World over, businesses and individuals are slowly yet surely becoming aware of the critical importance of switching to alternative, renewable sources of energy as opposed to the conventional forms. A report by the International Energy Agency (IEA) states that, as sources of alternative energy, solar and wind power are fast gaining precedence over other forms. In fact, the agency reportedly predicts that by the year 2018, these two sources will account for one-fourth of the power mix worldwide. At the forefront of the switch over to alternative energy, Tampa has been in the spotlight for all the right reasons in recent times.
Increasing utilization of solar power in Tampa
Tampa City authorities have always been keenly interested in making the city more and more environment friendly. The adoption of solar power as a primary source of energy in several key areas is just one way in which the city’s officials have been meeting their ‘Go-Green’ goals. One such interesting endeavor was the introduction and installation of solar-powered trash compactors downtown in 2010. This project continues to this day, allowing the city to move ahead in its bid to replace the conventional 32 gallon trash cans with these eco-friendly substitutes. These solar powered compactors pave the way for lower greenhouse gas emissions. Also, thanks to these compactors, fewer trips by the city vehicle are required for efficient waste management within the city limits. Today, this concept has been adopted by many other cities across the US and these solar-powered compacters are also found in many national and state parks.
Reducing overall power consumption in Tampa City
In another significant move towards adoption of alternative energy, Tampa City officials have succeeded in reducing the city’s carbon footprint with the installation of solar parking pay stations. The pay stations eliminate the need for conduits, reduce overall power consumption dramatically and also limit the need for power meters. The fact that these initiatives find special mention in the Annual Sustainability Report 2014 presented by the City of Tampa, highlights how serious the authorities are about moving to alternative energy sources.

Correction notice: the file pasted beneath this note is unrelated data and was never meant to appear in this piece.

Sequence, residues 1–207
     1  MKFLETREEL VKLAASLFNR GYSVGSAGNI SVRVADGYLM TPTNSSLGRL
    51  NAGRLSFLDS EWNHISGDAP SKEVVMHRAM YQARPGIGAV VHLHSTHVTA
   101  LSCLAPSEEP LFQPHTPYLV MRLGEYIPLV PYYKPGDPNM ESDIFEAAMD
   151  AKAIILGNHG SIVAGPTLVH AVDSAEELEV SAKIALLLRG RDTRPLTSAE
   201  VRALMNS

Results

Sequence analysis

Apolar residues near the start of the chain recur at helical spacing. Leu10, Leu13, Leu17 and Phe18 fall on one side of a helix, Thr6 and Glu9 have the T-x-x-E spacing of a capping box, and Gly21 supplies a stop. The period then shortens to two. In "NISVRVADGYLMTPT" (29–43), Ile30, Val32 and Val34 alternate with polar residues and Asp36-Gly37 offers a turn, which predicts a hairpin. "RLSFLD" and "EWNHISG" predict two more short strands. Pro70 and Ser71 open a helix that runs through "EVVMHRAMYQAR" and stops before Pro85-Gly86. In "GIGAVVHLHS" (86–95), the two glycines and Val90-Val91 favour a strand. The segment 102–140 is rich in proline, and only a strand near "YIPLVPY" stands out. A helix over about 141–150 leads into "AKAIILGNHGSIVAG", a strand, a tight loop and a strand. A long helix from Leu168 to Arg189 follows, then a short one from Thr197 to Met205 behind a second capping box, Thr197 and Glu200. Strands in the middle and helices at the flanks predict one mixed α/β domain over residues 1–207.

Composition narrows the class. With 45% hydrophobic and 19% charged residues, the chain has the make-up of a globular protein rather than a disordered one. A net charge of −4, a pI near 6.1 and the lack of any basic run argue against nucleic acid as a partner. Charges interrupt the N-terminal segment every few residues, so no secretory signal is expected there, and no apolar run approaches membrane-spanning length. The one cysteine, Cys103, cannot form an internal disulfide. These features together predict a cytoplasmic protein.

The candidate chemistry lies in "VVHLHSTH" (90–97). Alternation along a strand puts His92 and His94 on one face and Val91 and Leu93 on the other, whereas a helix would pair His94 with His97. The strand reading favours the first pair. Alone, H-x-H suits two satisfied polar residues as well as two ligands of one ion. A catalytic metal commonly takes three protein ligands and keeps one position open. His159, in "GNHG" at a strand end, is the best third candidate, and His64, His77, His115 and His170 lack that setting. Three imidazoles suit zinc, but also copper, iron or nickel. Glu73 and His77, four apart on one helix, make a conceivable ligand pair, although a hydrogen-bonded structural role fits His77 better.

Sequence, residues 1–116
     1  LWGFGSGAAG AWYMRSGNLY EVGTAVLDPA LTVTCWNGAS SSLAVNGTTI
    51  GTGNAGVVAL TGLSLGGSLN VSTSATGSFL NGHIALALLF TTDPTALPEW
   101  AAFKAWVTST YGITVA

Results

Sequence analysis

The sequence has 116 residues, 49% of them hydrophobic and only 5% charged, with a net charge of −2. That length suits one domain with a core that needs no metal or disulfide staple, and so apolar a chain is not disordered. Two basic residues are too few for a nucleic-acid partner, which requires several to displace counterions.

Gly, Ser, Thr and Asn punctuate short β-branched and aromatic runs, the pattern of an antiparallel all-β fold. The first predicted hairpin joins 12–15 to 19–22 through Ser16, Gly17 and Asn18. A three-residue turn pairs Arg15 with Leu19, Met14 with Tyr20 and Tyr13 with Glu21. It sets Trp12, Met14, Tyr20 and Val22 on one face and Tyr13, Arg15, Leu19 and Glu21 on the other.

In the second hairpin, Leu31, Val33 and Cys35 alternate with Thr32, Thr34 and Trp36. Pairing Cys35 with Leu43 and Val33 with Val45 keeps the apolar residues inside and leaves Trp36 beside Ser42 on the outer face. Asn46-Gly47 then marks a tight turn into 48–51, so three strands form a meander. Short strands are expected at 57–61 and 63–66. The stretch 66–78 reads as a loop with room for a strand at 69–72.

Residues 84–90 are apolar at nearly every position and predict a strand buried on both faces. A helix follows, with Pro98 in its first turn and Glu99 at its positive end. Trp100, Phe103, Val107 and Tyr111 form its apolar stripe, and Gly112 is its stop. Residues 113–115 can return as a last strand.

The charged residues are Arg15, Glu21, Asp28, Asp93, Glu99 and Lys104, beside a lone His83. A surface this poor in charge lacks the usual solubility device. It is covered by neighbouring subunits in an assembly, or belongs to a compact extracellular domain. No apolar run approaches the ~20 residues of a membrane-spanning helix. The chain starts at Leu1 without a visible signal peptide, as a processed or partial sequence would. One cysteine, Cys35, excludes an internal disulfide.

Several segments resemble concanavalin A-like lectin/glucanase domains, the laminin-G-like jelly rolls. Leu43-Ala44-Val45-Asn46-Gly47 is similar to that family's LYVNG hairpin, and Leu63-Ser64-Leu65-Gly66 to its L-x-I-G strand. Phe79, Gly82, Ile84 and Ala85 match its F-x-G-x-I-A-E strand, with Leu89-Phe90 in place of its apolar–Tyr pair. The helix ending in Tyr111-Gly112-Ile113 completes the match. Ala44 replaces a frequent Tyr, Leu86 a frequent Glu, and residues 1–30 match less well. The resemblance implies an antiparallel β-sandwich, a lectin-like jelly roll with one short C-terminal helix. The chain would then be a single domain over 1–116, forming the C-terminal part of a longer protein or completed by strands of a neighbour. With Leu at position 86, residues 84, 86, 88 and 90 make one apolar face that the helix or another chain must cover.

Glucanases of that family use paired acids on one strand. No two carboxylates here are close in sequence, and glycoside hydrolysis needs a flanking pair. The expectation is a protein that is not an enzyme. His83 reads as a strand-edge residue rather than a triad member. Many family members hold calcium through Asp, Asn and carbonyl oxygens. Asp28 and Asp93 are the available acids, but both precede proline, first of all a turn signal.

Solar panels become more affordable in Tampa
In what could provide a major impetus to alternative energy initiatives in Tampa, the price of solar panels has reportedly come down by a dramatic 60%. Companies producing alternative energy have actually announced several solar projects to come up in the State over the next few years. A news report in the city-based portal Tampabay.com further indicates that this interest in alternative energy is not exclusive to the biggies only.
Small and mid-sized alternative energy producers have also committed to building solar farms that will, when completed, double the State’s solar capacity. Meanwhile, the foundation stone for Florida’s biggest solar power system in collaboration with the military forces has also been laid. In addition, political pressure to switch to environment-friendly alternatives has been mounting via initiatives like the Solar Choice ballot. The keen interest that city officials have in ‘Green’ initiatives is also evident in the Tampa International Airport Sustainability Master Plan. Over the past few years, several electric vehicle charging points have been installed here and almost 40% of the vehicle fleet has been converted to alternative fuels.
The Solar Tax Rebate Pilot Program authorized by the Florida Public Service Commission makes the decision to ‘go solar’ even easier for Tampa citizens. These tax rebates apply to individuals and businesses installing solar and photovoltaic water heaters in their homes and offices. The move towards solar power in the State and the increasing interest in alternative energy sources by City officials gives enough reason to believe that alternative energy Tampa will be a happening topic in the coming years. You, too, could do your bit for the environment as a proud citizen of Tampa by replacing your heating, lighting and other equipment with solar alternatives.
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